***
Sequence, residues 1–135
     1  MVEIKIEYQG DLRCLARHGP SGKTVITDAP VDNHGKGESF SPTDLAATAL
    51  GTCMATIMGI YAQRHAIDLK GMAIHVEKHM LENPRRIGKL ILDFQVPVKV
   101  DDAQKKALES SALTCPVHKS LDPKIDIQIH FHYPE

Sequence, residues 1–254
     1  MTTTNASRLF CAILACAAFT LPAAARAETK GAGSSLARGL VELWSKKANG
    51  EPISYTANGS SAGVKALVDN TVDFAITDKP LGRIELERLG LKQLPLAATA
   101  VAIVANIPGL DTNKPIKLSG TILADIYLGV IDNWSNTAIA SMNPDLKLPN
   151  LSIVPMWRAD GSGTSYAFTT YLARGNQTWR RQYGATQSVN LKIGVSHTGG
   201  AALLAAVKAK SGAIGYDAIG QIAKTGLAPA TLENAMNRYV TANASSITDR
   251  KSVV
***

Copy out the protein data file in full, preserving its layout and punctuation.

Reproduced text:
Sequence, residues 1–135
     1  MVEIKIEYQG DLRCLARHGP SGKTVITDAP VDNHGKGESF SPTDLAATAL
    51  GTCMATIMGI YAQRHAIDLK GMAIHVEKHM LENPRRIGKL ILDFQVPVKV
   101  DDAQKKALES SALTCPVHKS LDPKIDIQIH FHYPE

Sequence, residues 1–254
     1  MTTTNASRLF CAILACAAFT LPAAARAETK GAGSSLARGL VELWSKKANG
    51  EPISYTANGS SAGVKALVDN TVDFAITDKP LGRIELERLG LKQLPLAATA
   101  VAIVANIPGL DTNKPIKLSG TILADIYLGV IDNWSNTAIA SMNPDLKLPN
   151  LSIVPMWRAD GSGTSYAFTT YLARGNQTWR RQYGATQSVN LKIGVSHTGG
   201  AALLAAVKAK SGAIGYDAIG QIAKTGLAPA TLENAMNRYV TANASSITDR
   251  KSVV